Frequently asked questions - Paris Call: Trust and security in cyberspace

Backgrounder

What is the Paris Call, and who participates in the initiative? 

The Paris Call for Trust and Security in Cyberspace is a nonbinding declaration that calls for states, the private sector, and civil society organizations to work together to promote security in cyberspace, counter disinformation, and address new threats endangering citizens and infrastructure.

French President Emmanuel Macron launched the Paris Call in 2018 during the Internet Governance Forum held at UNESCO and the Paris Peace Forum.

Today, over 95 governments, nearly 350 international, civil society and public sector organizations, as well as more than 600 private sector entities have endorsed the Paris Call for Trust and Security in Cyberspace. Prime Minister Justin Trudeau publicly pledged Canada’s support for the Paris Call in November 2018.

The Paris Call relies on a set of nine common principles to secure cyberspace, and provide guidance on discussion and action related to cyber threats and disinformation online.

What are the nine principles to secure cyberspace?

1. Protect Individuals and Infrastructure

Prevent and recover from malicious cyber and digital activities that threaten or cause significant, indiscriminate or systemic harm to individuals and critical infrastructure.

2. Protect the Internet

Prevent activity that intentionally and substantially damages the general availability or integrity of the public core of the Internet.

3. Defend Electoral Processes

Strengthen capacity to prevent malign interference by foreign actors aimed at undermining electoral processes through malicious cyber activities and disinformation.

**Canada co-leads, alongside Microsoft and the Alliance for Securing Democracy (ASD), on this principle.

4. Defend Intellectual Property

Prevent information and communications technology-enabled theft of intellectual property with the intent of providing competitive advantages to companies or the commercial sector.

5. Non-Proliferation

Develop ways to prevent the proliferation of malicious software and practices intended to cause harm.

6. Lifecycle Security

Strengthen the security of digital processes, products and services, throughout the lifecycle and supply chain.

7. Cyber Hygiene

Support efforts to strengthen an advanced cyber hygiene for all actors.

8. No Private Hack Back

Take steps to prevent non-State actors, including the private sector, from hacking-back, for their own purposes or those of other non-State actors.

** Hacking back: giving corporations and other hack victims permission to counter-attack cyber-threats, and be more aggressive against perpetrators.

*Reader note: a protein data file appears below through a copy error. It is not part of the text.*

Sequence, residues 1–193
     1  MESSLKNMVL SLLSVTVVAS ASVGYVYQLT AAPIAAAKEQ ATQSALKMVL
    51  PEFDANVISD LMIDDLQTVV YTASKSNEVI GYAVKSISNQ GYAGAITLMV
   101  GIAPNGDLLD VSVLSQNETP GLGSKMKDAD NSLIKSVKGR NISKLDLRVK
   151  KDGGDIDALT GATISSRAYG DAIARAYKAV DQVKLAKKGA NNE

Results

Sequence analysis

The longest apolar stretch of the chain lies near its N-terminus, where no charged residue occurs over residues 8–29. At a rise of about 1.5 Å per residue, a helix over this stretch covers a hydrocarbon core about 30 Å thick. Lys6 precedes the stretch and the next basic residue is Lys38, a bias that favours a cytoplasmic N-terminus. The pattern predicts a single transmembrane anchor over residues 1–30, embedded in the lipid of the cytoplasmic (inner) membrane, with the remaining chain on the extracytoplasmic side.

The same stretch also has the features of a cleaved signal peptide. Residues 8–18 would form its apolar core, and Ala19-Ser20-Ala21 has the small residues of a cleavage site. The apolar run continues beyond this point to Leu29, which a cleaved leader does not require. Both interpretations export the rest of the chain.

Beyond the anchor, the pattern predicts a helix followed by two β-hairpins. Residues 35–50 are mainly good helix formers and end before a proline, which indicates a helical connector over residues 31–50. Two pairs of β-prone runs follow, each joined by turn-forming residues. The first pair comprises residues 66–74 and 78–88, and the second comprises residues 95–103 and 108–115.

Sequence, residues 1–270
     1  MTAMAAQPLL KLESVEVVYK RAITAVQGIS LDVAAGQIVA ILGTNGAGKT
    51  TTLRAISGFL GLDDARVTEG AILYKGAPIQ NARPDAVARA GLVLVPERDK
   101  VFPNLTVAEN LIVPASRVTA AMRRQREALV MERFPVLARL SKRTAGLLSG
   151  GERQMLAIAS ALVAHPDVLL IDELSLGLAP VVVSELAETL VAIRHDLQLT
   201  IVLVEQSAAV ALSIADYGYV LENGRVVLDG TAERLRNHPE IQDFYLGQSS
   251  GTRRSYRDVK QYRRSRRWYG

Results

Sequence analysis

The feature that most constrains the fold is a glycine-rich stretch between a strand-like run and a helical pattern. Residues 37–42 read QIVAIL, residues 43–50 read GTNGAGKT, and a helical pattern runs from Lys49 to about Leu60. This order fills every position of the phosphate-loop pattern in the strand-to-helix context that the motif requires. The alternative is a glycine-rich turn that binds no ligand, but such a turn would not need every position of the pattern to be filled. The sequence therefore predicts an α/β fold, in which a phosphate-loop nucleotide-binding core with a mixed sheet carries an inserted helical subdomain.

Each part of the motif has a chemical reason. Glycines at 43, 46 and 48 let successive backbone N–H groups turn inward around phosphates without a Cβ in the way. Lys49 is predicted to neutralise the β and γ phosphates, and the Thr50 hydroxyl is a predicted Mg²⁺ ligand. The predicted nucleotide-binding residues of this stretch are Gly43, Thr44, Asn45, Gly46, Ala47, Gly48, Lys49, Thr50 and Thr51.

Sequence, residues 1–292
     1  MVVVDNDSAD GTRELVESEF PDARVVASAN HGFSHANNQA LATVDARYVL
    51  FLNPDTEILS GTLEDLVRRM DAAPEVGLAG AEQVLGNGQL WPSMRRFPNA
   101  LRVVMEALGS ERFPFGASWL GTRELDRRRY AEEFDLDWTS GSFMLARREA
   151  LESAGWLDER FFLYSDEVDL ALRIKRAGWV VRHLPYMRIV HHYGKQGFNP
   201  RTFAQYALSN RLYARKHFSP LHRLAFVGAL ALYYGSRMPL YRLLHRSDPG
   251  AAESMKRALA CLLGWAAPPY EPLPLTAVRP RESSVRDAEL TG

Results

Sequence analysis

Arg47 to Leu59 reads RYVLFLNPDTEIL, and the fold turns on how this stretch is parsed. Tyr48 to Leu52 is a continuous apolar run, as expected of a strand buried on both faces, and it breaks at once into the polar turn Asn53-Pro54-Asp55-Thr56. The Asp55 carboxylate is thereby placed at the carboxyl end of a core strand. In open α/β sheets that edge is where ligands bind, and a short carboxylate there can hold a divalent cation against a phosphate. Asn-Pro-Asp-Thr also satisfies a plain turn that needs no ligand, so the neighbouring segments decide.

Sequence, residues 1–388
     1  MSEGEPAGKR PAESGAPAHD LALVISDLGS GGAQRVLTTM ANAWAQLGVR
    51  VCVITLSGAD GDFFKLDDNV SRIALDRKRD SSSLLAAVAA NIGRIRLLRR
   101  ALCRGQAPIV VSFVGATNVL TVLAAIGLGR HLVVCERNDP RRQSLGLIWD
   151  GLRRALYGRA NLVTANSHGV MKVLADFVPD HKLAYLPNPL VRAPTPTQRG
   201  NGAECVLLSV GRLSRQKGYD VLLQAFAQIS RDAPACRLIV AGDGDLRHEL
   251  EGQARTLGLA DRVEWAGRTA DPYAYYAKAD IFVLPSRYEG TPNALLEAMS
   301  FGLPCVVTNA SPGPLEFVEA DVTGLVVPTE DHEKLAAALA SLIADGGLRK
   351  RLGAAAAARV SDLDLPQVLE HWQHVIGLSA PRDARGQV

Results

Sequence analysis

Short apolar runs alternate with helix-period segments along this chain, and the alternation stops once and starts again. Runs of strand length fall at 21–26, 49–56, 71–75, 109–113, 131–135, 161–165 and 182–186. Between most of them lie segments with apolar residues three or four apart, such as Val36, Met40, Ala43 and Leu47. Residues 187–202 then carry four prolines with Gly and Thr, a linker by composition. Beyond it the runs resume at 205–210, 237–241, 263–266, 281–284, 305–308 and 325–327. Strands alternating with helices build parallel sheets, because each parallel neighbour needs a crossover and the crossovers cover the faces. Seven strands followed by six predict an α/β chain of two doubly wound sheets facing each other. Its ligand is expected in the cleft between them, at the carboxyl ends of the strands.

9. International Norms

Promote the widespread acceptance and implementation of international norms of responsible behaviour, as well as confidence-building measures in cyber-space.

What work is the Government of Canada doing in support of countering election interference under Principle 3?

Principle 3 focuses on strengthening “our capacity to prevent malign interference by foreign actors aimed at undermining electoral processes through malicious cyber activities”. 

Canada co-leads on this principle alongside Microsoft and the Alliance for Securing Democracy. Building on the various existing initiatives, the government will support the creation and the improvement of standards, norms and policies on election interference, and use its experience to assist with building international capacity in this area through training, tabletop exercises and developing a best practices guide over the coming months.

Canada’s leadership in the Paris Call builds on our G7 Charlevoix commitment, to collaborate, identify and respond to malign interference by foreign actors aimed at undermining democratic processes and national interests, and on our leadership of the G7 Rapid Response Mechanism.

Who represents Canada on Principle 3 of the Paris Call?

Canada is represented on this principle by the President of the Queen’s Privy Council for Canada, the Honourable Dominic LeBlanc.

What are considered the digital and cyberspace?

Cyberspace is the digital space made up of:

  • network infrastructures (like servers and cables),
  • devices (like computers and smartphones),
  • digital information ecosystems (including, but not limited to, social media, forums, digital media, and other sources of digital information and engagement),
  • software, and,
  • data carried over networks.
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